And it becomes typical of all of those who throw their heart into the horse lot. No one looks for an award or even recognition. The distinction between what is given and what is received blurs. The thing given becomes the thing received.

 You can be part of this effort. Go to our website and make a contribution today. We are a 501 (c) 5 non-profit breed conservation program and as such contributions are not tax deductible. We are in our first month long social media fundraising effort. Feel free to share this with everyone that you know who cares about horses and people

Friday, April 14, 2017

And We Work Hard To Preserve The Choctaws Too

It all started with our efforts to prevent the extinction of the Corolla Colonial Spanish mustang and our efforts have now extended into the preservation and promotion of several strands of Colonial Spanish horses. Everyone has their own favorites, but it is the Choctaws that I find myself drawn to.

The native tribes of the southeast were among the best horse breeders the world has seen. They began with the same Colonial Spanish horse that was found across the region and bred horses with extraordinary endurance, smooth gaits, and a fierce need to bond with people.

When Andrew Jackson tried to purge the southeast of all native people it was these horses that carried them to Oklahoma. They are but a remnant now, only a few hundred left in the world. For years they roamed free on Black Jack mountain. They were threatened with slaughter when the ownership of the mountain transferred hands. they were saved and disbursed into what were hoped to become breeding bands across the country.

Bryant Rickman has dedicated his life to saving these horses. He is to Colonial Spanish horse preservation what A.P. Carter was to American folk songs and ballads. Monique Henry introduced me to these historic horses and gave us our first three of them.

We have since obtained three more.

They are a vital part of our program. In less than a month Lydia will be racing Manny in a 30 mile endurance race at Biltmore in North Carolina. She will turn some heads when the other competitors watch this colorful pinto trot by them.

You can be part of this effort. Go to our website and make a contribution today. We are a 501 (c) 5 non-profit breed conservation program and as such contributions are not tax deductible. We are in our first month long social media fundraising effort. Feel free to share this with everyone that you know who cares about horses and people.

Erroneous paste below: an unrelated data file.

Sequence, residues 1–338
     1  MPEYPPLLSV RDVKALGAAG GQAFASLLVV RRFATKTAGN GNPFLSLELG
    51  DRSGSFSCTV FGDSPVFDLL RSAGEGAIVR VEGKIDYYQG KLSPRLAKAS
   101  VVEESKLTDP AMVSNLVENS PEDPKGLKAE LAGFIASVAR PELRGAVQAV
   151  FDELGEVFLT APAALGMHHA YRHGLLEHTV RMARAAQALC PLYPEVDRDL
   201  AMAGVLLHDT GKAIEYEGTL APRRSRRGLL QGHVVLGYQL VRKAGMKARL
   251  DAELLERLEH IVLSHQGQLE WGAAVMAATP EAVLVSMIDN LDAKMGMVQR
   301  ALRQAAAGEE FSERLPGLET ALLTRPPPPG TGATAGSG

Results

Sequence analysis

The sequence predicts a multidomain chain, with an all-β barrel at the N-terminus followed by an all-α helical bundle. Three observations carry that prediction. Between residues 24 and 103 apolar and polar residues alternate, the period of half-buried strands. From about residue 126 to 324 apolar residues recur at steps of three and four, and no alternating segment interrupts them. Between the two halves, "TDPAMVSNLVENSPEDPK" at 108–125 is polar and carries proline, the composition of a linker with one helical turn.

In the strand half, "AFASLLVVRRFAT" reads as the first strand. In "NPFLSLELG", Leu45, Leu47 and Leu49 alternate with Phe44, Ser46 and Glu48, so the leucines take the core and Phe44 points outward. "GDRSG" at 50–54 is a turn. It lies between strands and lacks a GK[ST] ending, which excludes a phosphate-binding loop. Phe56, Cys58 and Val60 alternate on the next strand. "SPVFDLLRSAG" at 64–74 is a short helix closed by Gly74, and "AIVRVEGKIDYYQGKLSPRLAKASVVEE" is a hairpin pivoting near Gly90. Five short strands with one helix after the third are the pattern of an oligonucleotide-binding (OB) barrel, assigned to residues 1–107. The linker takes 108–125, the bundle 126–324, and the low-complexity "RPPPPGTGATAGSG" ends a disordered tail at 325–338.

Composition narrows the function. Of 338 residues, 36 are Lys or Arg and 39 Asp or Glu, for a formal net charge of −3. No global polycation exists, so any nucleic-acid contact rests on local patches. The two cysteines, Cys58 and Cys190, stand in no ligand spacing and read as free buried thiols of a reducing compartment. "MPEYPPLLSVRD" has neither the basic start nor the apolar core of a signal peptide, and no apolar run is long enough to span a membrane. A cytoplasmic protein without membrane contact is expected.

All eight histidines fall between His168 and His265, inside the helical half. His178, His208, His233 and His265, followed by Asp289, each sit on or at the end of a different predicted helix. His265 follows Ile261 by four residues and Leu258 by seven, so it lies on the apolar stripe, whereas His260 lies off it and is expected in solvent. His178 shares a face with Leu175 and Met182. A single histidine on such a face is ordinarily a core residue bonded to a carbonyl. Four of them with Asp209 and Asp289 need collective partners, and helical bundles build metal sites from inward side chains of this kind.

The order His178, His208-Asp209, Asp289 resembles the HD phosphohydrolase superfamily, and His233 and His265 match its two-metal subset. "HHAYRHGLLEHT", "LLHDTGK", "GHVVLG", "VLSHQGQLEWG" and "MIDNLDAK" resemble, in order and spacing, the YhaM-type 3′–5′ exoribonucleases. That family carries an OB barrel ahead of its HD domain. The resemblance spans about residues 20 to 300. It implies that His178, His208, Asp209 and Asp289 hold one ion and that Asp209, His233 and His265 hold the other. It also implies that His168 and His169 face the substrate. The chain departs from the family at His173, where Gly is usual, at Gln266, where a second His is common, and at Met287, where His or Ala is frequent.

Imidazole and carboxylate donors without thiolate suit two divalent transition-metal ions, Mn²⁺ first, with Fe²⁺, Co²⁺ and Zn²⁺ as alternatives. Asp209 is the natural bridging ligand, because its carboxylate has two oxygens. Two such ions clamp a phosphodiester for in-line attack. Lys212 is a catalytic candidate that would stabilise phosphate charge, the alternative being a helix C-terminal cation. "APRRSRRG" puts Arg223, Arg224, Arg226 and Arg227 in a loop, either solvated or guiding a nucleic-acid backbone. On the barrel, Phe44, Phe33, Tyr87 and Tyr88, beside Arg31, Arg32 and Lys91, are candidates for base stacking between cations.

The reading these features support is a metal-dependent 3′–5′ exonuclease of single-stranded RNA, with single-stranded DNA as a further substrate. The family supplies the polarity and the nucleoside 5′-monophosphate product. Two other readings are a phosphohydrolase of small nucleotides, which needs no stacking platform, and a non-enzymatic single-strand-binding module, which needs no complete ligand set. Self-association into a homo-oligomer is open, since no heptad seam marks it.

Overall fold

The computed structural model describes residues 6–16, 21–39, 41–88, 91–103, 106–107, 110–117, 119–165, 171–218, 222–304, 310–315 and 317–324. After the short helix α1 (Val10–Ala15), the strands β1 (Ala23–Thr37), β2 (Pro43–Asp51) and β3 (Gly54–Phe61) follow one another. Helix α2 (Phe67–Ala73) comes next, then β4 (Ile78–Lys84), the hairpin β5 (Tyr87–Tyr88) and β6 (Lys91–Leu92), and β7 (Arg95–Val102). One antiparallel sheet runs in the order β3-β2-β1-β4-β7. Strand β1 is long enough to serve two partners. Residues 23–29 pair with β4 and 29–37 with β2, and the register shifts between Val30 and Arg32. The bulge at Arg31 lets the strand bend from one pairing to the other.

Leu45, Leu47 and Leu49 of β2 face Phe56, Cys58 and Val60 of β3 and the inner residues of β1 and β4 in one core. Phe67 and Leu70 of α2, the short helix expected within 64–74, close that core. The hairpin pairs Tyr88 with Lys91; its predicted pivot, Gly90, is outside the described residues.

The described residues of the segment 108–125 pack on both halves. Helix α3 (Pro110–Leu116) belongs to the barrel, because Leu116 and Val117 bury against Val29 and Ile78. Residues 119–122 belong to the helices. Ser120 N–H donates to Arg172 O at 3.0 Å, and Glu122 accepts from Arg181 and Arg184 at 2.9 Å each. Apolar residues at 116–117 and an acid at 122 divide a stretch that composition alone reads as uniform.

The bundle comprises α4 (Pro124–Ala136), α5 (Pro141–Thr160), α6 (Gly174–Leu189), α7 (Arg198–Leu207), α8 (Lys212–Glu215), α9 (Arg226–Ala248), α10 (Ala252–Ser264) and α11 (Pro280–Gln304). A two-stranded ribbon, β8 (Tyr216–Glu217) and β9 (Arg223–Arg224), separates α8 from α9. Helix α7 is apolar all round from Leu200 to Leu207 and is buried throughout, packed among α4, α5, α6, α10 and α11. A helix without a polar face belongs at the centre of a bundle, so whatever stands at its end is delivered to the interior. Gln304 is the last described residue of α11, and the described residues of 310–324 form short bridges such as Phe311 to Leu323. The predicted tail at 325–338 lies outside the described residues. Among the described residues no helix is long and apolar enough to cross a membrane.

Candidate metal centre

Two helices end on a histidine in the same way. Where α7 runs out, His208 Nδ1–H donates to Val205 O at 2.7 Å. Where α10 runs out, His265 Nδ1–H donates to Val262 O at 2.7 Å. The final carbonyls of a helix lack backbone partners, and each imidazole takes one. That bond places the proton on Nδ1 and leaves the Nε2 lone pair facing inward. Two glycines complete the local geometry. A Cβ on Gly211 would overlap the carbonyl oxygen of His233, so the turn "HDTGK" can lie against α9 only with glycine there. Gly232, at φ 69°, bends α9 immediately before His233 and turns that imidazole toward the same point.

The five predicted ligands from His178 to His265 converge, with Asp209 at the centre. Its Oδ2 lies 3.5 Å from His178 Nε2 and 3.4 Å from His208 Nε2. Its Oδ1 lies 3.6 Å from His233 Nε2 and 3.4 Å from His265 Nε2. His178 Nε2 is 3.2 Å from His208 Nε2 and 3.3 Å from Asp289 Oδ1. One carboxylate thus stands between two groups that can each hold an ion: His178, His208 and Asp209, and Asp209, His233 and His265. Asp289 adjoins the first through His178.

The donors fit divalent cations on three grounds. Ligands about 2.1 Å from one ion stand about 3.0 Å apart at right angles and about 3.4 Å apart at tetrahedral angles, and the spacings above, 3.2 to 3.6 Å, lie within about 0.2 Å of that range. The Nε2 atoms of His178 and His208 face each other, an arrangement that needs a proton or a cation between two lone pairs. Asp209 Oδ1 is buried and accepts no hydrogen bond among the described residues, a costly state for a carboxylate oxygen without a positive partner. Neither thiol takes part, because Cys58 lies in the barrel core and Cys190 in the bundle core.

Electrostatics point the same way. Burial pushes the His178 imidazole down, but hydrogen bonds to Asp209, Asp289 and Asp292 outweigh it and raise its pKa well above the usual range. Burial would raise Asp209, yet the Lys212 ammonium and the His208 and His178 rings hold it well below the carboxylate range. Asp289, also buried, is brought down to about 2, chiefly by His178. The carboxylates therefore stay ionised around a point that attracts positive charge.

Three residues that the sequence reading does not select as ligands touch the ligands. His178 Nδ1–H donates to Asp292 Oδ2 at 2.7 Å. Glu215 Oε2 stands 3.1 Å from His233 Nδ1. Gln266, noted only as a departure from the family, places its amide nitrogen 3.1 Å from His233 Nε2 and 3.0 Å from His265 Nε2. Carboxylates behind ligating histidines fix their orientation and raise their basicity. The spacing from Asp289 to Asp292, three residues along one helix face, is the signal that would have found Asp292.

Thursday, April 13, 2017

We Preserved His Life and His Corolla Bloodline

This summer we will have several foals born. One of the best is likely to be the offspring of Edward Teach, shown above, and Monique, a Choctaw mare and granddaughter of Rooster, a stunning wild stallion from Black Jack mountain.

Bonnie Gruenberg's spectacular research uncovered written references to American Indian tribal horses, specifically the Chickasaws, being bred into the the Banker horses such as those remaining in Corolla in the 17th Century. By using straight Choctaw mares in the Corolla Off site breeding program we are not crossing modern blood into these horses. We are restoring what has been lost. While at the same time producing the perfect family horse--gentle, sweet natured, extraordinary endurance, and smooth , easy gaits.

Edward had already been in a veterinary hospital for two weeks when he arrived at Mill Swamp Indian Horses. As the picture shows, even after two weeks of treatment, the wound that he received in the wild, (likely from a wild hog)was horrific.

Treating his injury was difficult. We treated him twice every day for many weeks. He was a wild stallion and he was in pain. Weeks of hydrotherapy, topicals, and antibiotics pulled him through.